The plant will allow Westland to separately process (segregate) multiple types of special quality milks into high value products to meet growing global and domestic demand, which the company says will return more money to shareholder farmers and the regional economy.
Chief executive Toni Brendish says segregated production of speciality milks is a key component of Westland’s five-year strategy.
“Westland needs to reduce its dependency on bulk dairy commodities with their volatile pricing cycles,” Brendish said.
“We’ll do this by expanding our capacity to produce high value products, differentiated by the special qualities of the milk used to make them. This will include A2 milk and our new Ten Star Premium Standard milk. There is also potential, in later stages of the project, for other segregated products such as grass-fed, pure Jersey, goat or sheep milk, or even plant-based nutrition.”
Operational for 2019-20
Brendish said the investment allows the company to bring forward development of its segregation capacity.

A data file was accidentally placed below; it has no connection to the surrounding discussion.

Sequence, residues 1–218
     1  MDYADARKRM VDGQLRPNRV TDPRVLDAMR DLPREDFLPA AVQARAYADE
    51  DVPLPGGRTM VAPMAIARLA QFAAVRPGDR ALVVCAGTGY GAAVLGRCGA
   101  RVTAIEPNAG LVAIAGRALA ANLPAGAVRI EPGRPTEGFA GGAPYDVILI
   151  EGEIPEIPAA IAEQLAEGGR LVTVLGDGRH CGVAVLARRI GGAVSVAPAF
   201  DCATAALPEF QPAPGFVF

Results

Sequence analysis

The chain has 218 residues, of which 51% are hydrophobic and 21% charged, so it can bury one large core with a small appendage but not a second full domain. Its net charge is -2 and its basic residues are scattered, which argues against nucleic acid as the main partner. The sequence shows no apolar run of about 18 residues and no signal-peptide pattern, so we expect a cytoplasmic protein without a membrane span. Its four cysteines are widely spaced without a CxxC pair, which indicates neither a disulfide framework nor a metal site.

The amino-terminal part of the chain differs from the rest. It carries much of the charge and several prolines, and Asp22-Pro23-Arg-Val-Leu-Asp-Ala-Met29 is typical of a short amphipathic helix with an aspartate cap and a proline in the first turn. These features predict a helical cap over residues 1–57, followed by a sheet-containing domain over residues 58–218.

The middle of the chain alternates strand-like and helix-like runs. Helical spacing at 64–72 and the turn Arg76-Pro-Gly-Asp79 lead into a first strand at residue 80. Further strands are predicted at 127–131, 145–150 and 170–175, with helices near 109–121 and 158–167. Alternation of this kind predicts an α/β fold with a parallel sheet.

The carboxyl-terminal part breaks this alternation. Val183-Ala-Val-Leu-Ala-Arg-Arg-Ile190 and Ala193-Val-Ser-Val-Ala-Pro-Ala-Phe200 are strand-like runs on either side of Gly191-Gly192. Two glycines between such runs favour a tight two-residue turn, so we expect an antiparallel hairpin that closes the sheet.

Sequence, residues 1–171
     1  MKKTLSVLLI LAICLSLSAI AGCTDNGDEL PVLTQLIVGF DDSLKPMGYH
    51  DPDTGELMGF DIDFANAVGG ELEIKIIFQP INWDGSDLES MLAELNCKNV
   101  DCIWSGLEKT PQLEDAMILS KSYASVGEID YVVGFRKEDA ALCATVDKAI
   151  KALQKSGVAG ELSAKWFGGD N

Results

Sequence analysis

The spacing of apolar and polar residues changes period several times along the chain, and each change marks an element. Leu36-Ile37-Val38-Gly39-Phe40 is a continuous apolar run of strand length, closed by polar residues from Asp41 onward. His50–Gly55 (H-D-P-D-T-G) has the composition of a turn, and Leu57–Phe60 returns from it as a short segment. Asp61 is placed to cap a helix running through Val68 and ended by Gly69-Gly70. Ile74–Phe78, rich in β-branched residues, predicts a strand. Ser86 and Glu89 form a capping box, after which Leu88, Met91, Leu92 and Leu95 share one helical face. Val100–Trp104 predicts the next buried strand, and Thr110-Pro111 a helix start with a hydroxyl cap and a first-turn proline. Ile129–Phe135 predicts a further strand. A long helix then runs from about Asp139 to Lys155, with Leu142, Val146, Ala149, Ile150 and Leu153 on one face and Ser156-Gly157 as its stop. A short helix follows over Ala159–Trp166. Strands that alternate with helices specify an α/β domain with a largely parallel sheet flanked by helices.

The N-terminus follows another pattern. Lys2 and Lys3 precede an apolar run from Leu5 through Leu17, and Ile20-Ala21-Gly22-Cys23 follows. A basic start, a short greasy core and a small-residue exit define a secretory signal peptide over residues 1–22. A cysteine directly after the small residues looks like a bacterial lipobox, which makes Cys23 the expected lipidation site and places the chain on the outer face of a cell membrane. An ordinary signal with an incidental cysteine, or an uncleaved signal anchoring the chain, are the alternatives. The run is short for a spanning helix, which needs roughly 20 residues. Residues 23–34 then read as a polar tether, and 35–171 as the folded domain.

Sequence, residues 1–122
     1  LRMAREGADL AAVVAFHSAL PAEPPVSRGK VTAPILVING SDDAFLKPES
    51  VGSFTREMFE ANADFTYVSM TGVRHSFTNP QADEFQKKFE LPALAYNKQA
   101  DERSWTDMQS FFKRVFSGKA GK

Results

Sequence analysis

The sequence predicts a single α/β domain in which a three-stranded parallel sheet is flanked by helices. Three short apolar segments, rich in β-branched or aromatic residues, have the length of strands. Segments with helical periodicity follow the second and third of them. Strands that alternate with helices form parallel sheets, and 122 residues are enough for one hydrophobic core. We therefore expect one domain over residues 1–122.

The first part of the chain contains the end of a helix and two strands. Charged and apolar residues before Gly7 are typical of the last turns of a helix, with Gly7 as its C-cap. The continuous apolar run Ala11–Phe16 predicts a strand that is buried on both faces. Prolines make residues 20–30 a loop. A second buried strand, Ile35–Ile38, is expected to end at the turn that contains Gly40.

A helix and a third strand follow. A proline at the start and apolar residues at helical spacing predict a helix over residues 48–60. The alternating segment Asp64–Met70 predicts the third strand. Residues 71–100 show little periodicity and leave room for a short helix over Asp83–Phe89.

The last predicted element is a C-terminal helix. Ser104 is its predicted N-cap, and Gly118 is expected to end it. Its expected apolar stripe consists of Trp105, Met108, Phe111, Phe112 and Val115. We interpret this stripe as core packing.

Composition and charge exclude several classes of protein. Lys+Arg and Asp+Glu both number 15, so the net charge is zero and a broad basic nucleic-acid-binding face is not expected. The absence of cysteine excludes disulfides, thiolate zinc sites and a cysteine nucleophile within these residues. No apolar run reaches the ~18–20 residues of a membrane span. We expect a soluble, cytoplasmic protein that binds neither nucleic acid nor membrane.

The new plant will also allow the cooperative to produce high value segregated product even during the peak milk season.
“Currently, while we can produce some segregated product on the shoulders of the season, at peak our existing plant capacity forces us to process low value bulk commodities just to get the milk volume through,” she added.
The plant will be operating in time for the 2019-20 season. It will create an additional eight to 10 jobs at Hokitika.
“Westland Milk Products is already a key economic driver of the West Coast economy,” Brendish said.
“Dairy generated more than 14.3% in gross domestic product in the region in 2016 alone and 9.2% of the region’s workforce are directly employed staff (shareholder farmers and their employees are additional).
“However, we do face challenges to our objective of delivering our shareholders a competitive and sustainable payout that ensures their future, and the future of dairying in our region.
“We simply can’t compete in the bulk dairy commodities arena where we have little influence or control over the vagaries of the global dairy trade, and a reduced ability to ride out its highs and lows. If Westland is to thrive, and grow our vital contribution to the West Coast economy, we must focus on our best assets, including our heritage, location, people and, particularly, our smaller size, with the agility and flexibility that comes with that.”
She added some specialized staff are likely to be attracted to the region by the requirements of the new plant, and Westland’s skills development program means these skills will be passed on to existing staff and new people coming through, benefiting the West Coast generally.